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Citizen Science in the Digital Age: Get Out the Maps

Mapillary aims to make the world a smaller place with maps that continually update street-level conditions.

The term “citizen science” first entered the Oxford English Dictionary in 2014, but it describes a long standing tradition of collaboration between professional and amateur scientists. Perhaps no field is as closely associated with citizen science as astronomy, where amateur stargazers continue to sweep the skies for unidentified heavenly bodies. Today, with the advent of smartphone technology, even more fields of scientific inquiry are open to the curious amateur.

Jan Erik Solem, CEO and Founder of Mapillary

Making the World a Smaller Place

With more than 440 million images from more than 190 countries, the street-level imagery platform Mapillary is trying to make the world a smaller place with maps that continually update street-level conditions.

“Carmakers can use the data to help train their autonomous systems — essentially ‘teaching’ cars to see and understand their surroundings — and mapmakers to populate their maps with up-to-date data. Cities can use it to keep inventories of traffic signs and other street assets among other things,” explained Jan Erik Solem, PhD, CEO and founder of Mapillary.

The data is collected by contributors who upload it onto Mapillary’s platform.

“The traditional approach of mapping places include sending out fleets of cars to map cities and towns, but these places change faster than mapping corporations are able to keep up with,” Solem added.

Simpe Tools Like Mobile Phones and Action Cameras

“Using simple tools like mobile phones or action cameras, anyone can go out, map their town and have data instantly generated from the images to update maps everywhere,” said Dr. Solem. “No one else collects data in this collaborative way.” The data is free for educational and personal use he added. “The company is closely tied to the research community and we recognize how helpful it is for researchers to have access to the kind of data that’s hosted on our platform,” explained Dr. Solem. “Mapillary is a commercial entity, but we are driven by research and this is part of our way of paying it forward.”

The data that Mapillary receives is verified through computer vision technology and GPS coordinates, integrated with the mobile phones and cameras that map the roads. “Our computer vision technology detects and recognizes objects in images including things like traffic signs, fire hydrants, benches and CCTVs. Having diverse imagery from all over the world means we have a rich training dataset that enables us to build some of the world’s best computer vision algorithms for street scenes.”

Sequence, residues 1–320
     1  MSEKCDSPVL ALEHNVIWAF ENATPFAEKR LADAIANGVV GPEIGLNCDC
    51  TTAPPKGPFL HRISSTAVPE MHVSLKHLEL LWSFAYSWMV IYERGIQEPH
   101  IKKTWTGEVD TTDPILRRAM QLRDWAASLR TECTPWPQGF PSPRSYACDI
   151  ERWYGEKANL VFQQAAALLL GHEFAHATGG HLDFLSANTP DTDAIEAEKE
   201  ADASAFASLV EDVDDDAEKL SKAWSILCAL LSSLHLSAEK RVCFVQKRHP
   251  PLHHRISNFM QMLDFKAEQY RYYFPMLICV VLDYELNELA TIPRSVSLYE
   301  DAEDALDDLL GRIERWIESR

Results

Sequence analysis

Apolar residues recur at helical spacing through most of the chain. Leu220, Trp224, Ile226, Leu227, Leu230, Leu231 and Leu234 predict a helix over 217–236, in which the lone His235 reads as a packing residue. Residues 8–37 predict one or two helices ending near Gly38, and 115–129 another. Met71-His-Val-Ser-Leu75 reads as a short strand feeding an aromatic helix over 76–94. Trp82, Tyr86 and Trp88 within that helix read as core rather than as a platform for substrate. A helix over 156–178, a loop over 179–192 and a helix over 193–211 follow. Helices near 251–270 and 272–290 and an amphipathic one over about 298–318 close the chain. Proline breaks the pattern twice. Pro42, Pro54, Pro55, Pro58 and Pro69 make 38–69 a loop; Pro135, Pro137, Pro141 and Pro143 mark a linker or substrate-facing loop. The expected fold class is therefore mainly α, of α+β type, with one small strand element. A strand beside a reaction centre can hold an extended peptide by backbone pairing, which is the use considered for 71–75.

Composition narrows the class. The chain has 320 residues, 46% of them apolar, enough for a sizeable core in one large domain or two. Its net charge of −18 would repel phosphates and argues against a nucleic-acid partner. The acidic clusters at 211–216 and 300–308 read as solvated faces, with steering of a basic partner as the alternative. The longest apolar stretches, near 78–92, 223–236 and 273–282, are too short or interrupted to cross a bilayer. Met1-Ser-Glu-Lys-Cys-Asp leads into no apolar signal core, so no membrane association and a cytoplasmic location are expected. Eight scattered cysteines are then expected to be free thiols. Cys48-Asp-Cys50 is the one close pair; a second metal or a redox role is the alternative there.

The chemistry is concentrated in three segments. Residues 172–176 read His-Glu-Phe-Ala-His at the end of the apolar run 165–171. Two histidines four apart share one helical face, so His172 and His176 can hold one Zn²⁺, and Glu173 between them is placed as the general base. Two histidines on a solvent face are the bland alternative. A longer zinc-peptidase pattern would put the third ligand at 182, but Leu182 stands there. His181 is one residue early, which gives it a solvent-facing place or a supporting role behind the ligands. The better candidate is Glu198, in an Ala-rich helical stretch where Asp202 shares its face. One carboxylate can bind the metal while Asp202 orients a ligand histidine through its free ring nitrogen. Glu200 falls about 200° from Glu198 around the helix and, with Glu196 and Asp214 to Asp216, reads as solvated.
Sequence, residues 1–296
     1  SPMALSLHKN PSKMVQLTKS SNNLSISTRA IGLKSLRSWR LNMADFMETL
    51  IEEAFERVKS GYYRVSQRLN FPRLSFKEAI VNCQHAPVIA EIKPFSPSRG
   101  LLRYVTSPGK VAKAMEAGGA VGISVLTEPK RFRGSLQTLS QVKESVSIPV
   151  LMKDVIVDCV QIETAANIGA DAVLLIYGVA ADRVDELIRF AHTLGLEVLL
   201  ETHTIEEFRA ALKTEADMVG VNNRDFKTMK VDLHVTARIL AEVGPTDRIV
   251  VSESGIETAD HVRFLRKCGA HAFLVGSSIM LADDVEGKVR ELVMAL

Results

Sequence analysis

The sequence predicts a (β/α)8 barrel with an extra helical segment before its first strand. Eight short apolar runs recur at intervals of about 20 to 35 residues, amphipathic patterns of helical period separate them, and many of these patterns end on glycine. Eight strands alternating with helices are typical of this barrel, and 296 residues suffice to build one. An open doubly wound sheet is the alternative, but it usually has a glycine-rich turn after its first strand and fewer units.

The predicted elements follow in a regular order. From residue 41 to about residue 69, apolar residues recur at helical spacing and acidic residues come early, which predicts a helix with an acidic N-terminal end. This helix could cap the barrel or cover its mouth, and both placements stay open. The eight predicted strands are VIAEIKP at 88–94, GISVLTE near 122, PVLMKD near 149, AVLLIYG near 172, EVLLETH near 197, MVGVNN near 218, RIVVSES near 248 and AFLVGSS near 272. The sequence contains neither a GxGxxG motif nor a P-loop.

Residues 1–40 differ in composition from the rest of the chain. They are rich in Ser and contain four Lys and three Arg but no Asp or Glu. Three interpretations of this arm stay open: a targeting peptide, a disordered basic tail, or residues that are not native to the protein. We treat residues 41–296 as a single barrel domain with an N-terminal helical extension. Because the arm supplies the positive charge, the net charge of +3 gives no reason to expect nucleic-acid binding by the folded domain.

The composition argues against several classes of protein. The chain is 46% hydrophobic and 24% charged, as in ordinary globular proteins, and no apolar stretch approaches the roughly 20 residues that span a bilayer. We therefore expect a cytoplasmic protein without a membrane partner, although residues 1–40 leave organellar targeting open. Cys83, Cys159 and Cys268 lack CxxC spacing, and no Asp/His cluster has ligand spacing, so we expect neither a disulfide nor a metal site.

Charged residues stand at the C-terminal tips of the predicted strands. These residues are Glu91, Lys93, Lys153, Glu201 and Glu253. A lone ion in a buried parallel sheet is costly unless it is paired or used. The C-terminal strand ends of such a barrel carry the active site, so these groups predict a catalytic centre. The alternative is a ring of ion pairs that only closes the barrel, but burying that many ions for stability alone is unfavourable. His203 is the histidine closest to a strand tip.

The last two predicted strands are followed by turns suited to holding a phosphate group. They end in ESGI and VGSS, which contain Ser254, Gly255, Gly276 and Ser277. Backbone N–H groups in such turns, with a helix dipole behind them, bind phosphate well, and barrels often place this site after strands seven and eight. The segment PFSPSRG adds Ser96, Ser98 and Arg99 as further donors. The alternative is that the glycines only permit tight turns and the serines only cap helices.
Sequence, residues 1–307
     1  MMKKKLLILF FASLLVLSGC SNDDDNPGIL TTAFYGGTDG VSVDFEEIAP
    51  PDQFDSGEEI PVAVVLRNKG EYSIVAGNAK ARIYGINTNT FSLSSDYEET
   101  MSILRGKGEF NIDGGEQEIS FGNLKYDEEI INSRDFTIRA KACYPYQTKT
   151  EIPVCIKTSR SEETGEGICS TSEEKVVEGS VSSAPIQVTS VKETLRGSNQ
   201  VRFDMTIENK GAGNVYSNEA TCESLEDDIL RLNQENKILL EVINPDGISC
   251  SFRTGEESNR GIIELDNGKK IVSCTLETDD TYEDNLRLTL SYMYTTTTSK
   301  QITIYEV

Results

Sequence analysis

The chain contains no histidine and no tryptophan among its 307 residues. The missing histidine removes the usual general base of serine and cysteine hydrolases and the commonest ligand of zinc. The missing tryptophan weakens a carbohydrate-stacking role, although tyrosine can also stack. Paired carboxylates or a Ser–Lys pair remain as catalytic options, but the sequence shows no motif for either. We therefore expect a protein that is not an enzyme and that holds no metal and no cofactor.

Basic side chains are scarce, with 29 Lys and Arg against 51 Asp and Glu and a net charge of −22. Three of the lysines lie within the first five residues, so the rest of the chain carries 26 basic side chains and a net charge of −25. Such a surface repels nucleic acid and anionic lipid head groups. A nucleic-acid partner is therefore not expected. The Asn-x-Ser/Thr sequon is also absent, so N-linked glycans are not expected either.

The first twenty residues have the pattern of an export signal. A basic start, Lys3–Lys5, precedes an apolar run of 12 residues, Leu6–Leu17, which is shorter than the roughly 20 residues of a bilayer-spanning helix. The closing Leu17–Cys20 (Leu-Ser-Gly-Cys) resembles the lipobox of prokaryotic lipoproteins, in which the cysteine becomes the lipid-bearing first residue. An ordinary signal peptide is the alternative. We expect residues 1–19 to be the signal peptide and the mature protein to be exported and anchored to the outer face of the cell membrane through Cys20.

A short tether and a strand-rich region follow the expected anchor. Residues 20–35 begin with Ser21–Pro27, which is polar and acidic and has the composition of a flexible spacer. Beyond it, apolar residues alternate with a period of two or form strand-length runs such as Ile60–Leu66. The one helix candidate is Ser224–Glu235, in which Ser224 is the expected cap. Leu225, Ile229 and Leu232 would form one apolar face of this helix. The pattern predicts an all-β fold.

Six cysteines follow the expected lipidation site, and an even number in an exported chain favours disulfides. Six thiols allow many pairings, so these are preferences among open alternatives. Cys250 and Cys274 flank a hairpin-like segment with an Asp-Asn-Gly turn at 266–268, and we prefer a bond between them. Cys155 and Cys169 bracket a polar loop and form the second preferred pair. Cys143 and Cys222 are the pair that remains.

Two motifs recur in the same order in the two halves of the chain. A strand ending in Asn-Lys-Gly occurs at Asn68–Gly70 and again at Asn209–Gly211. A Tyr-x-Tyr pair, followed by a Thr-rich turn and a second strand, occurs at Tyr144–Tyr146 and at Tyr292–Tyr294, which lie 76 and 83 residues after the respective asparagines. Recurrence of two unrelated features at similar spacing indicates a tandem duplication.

Mapillary’s mobile app allows for instant updates with the latest road conditions.

Keeping Citizens in Science

Citizen science requires enthusiastic participation of the public, but how can researchers keep the public engaged? This question was recently considered in a paper from Maurizio Porfiri, PhD, Dynamical Systems Laboratory at New York University titled, Bring them aboard: Rewarding participation in technology-mediated citizen science projects.”

The team hypothesized that monetary rewards and online or social media acknowledgments would increase engagement of participants.

“People contribute to citizen science projects for a variety of different reasons,” said Jeffrey Laut, PhD, a postdoctoral researcher in Dr. Porfiri’s lab. “If you just want to contribute to help out a project, and then you’re suddenly being paid for it, that might undermine the initial motivation.”

“For example, one of the things we point out in the paper is that people donate blood for the sake of helping out another human,” explained Dr. Laut. “Another study found that if you start paying people to donate blood, it might decrease the motivation to donate blood.”

Proper Rewards for Participation

If a citizen science project is suffering from levels of participation, researchers need to carefully choose the level of reward.

“I think with citizen science projects the intrinsic motivation is to contribute to a science project and wanting to further scientific knowledge,” said Dr. Laut. “If you’re designing a citizen science project, it would be helpful to consider incentives to enhance participation and also be careful on the choice of level of reward for participants.”

The technology used and scope of information collected may have changed, but the role remains as important as ever.

“It is important that citizens understand the world in which they live and are capable of making informed decisions,” said Ms. Prieto. “It’s also important that all people understand science, especially to combat disinformation. From this point of view citizen science is vital and a needed contributor to the greater field of science.”


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Academy Staff
This article was written by a member of the Academy staff.



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